empathy

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empathy

 [em´pah-the]
intellectual and emotional awareness and understanding of another person's thoughts, feelings, and behavior, even those that are distressing and disturbing. Empathy emphasizes understanding; sympathy emphasizes sharing of another person's feelings and experiences.

em·pa·thy

(em'pă-thē),
1. The ability to sense intellectually and emotionally the emotions, feelings, and reactions that another person is experiencing and to communicate that understanding to the person effectively. Compare: sympathy (3).
2. The anthropomorphization or humanization of objects and the feeling of oneself as being in and part of them.
[G. en (em), in, + pathos, feeling]

empathy

/em·pa·thy/ (em´pah-the) intellectual and emotional awareness and understanding of another's thoughts, feelings, and behavior.empath´ic

empathy

(ĕm′pə-thē)
n.
1. The ability to identify with or understand the perspective, experiences, or motivations of another individual or to comprehend and share another individual's emotional state.
2. In aesthetics, the projection of one's own feelings or thoughts on to something else, such as an object in work of art or a character in a novel or film.

empathy

[em′pəthē]
Etymology: Gk, en, in, pathos, feeling
the ability to recognize and to some extent share the emotions and states of mind of another and to understand the meaning and significance of that person's behavior. It is an essential quality for effective psychotherapy. Compare sympathy. empathic, adj., empathize, v.

em·pa·thy

(em'pă-thē)
1. The ability to sense the emotions, feelings, and reactions intellectually and emotionally that another person is experiencing and to communicate that understanding to the person effectively.
Compare: sympathy (3)
2. The anthropomorphization or humanizing of objects and the feeling of oneself as being in and part of them.

empathy

The state said to exist between two people when one is able to experience the same emotion as the other as a result of identical responses to an event and the adoption of an identical outlook.

em·pa·thy

(em'pă-thē)
Ability to sense intellectually and emotionally emotions, feelings, and reactions that another person is experiencing and it communicate.

empathy,

n the quality of putting oneself into the psychologic frame of reference of another, so that the other person's feeling, thinking, and acting are understood and to some extent predictable. A desirable trust-building characteristic of a helping profession. It is embodied in the sincere statement, “I understand how you feel.” Empathy is different from sympathy in that to be empathetic one understands how the person feels rather than actually experiencing those feelings, as in sympathy.
References in periodicals archive ?
However, you still need the ability to look at this business idea at some emotional distance, the way investors, lenders, employees or potential customers would.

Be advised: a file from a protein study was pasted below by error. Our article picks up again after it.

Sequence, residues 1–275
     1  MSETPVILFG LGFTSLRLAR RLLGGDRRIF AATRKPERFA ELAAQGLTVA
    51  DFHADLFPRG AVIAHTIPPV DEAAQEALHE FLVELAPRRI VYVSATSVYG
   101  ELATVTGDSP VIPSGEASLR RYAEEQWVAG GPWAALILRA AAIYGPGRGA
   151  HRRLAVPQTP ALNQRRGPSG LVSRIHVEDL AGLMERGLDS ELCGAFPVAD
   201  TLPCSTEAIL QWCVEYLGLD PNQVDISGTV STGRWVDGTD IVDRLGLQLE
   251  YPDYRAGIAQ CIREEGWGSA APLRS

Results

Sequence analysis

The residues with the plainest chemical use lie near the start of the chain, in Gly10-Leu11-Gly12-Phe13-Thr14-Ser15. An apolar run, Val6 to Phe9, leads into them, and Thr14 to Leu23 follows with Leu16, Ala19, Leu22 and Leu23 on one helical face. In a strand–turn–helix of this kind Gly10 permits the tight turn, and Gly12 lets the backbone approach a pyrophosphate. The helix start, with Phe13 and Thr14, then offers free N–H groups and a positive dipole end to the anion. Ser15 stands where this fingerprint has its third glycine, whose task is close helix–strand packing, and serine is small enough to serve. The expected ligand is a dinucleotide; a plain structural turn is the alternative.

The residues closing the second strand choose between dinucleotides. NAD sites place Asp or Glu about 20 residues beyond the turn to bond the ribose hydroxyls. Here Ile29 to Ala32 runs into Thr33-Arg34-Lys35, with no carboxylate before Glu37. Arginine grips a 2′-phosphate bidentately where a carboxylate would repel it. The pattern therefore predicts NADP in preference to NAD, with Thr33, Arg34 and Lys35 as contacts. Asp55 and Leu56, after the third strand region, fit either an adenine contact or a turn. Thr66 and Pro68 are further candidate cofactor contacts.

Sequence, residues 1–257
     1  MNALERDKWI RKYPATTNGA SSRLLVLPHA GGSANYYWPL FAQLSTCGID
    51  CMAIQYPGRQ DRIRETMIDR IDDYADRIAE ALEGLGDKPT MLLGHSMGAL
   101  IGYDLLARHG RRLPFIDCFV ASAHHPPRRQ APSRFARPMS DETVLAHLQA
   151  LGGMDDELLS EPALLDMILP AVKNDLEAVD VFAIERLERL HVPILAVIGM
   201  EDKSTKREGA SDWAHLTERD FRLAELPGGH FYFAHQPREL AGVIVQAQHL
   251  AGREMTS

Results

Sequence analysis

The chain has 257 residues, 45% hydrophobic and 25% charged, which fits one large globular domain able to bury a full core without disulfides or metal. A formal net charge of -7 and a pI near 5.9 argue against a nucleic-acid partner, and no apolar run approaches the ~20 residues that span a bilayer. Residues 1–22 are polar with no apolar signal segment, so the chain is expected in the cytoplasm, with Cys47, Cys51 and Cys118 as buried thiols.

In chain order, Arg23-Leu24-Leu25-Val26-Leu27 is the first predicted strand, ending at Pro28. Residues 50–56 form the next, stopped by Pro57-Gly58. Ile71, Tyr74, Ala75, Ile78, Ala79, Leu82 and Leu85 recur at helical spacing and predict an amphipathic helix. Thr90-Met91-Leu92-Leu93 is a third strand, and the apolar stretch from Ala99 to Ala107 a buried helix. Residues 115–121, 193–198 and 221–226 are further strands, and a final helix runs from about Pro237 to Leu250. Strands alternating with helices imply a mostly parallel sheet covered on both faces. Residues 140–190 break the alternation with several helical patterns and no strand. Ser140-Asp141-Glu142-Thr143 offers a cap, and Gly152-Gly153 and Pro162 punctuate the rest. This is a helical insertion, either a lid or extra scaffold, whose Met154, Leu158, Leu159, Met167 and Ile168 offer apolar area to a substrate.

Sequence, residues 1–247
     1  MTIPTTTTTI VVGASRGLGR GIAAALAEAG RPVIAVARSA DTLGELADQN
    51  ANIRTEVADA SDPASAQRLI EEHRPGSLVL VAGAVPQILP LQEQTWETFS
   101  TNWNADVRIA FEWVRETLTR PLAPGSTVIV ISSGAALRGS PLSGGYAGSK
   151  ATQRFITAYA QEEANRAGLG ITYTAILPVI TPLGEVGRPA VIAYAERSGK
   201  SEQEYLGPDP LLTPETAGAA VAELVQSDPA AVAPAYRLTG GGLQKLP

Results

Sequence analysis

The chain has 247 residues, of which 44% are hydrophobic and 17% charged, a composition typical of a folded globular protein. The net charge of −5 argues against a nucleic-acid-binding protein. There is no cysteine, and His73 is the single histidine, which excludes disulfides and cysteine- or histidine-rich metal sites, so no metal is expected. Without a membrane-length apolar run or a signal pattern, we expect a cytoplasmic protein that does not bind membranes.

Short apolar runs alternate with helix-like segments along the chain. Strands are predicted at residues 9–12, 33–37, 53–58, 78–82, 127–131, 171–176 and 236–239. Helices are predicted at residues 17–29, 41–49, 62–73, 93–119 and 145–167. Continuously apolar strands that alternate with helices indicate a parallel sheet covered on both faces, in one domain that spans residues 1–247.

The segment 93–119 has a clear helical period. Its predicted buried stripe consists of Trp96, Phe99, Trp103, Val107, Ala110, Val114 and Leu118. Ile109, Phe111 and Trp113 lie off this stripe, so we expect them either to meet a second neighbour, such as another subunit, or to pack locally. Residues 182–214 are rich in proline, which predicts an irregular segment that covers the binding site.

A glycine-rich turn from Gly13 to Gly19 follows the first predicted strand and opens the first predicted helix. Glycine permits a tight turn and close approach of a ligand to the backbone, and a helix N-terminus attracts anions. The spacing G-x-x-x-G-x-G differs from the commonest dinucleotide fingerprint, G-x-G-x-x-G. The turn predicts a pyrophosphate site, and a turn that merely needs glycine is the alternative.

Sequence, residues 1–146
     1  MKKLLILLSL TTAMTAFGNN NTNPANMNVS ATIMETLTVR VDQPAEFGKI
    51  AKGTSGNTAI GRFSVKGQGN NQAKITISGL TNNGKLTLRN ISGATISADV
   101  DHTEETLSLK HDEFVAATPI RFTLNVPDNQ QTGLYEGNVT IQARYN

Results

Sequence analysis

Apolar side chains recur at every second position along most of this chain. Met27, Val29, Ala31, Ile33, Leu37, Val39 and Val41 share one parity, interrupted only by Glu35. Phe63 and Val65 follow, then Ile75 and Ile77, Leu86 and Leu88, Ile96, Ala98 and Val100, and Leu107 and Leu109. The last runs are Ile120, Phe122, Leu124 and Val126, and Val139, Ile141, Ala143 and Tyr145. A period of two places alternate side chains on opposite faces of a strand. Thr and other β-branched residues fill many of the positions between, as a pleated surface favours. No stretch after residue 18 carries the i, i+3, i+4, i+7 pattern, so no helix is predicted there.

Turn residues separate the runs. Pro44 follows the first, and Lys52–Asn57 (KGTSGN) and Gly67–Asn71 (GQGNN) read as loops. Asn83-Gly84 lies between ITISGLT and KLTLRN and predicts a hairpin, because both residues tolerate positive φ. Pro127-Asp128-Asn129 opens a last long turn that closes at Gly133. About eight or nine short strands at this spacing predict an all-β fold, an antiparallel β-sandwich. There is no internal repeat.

The poem sounds the major themes of epitre 12 -- again, Marguerite is barred from joining her mother and brother because of childbirth (her son Jean of Navarre was born 1530), and again she measures herself against Louise, and finds herself to be the weaker figure, the mortal woman -- but the shift of emphasis, from woeful introspection to a celebration of Louise, reveals the emotional distance traveled by the anguished princess of epitre 12.
According to Smith (1991) and David and Wilson (1992), emotional distance is necessary in bibliotherapy.
It was the effect of this tension that led Pogany as a young and middle-aged man, to begin his dogged attempt to untangle the knot of repressed pain and mutual reproach that continued to keep the brothers at an emotional distance across the chasm of their religious differences.
If framing a narrative allows Mama to gain more control, which also results in her "increasing emotional distance from Dee" (128), we can consider more acutely what is at stake in Dee's emotions, since she feels a need to frame the "story" from the outset.
Audiences are typically males, more aggressive than average, in need of sensory stimulation, in search of social identity or bonding, curious about the forbidden, needing to see justice portrayed or restored, and with an ability to maintain emotional distance from the violence.
His physical and emotional distance from the joyous scene signals his acknowledgement that he has played no part in the paternity of this child.
Directed at a roiling boil by Angela Pope, it's ferociously acted by a first-rate cast, But for all its fireworks, Hollow Reed keeps the viewer at an emotional distance.
The advantage of these techniques is the emotional distance created with fantasy between the client and the problem which allows the client to view the situation more objectively.
Merry's portrait of Stewart's wife, Tish, who responded to her husband's emotional distance and workaholic ways by retiring to her room with her own stiff drink, is poignant but spare.
For instance, 23-year-old women with high self-esteem emphasized the closeness of their social relations, while high self-esteem males at that age stressed keeping emotional distance and control when dealing with others.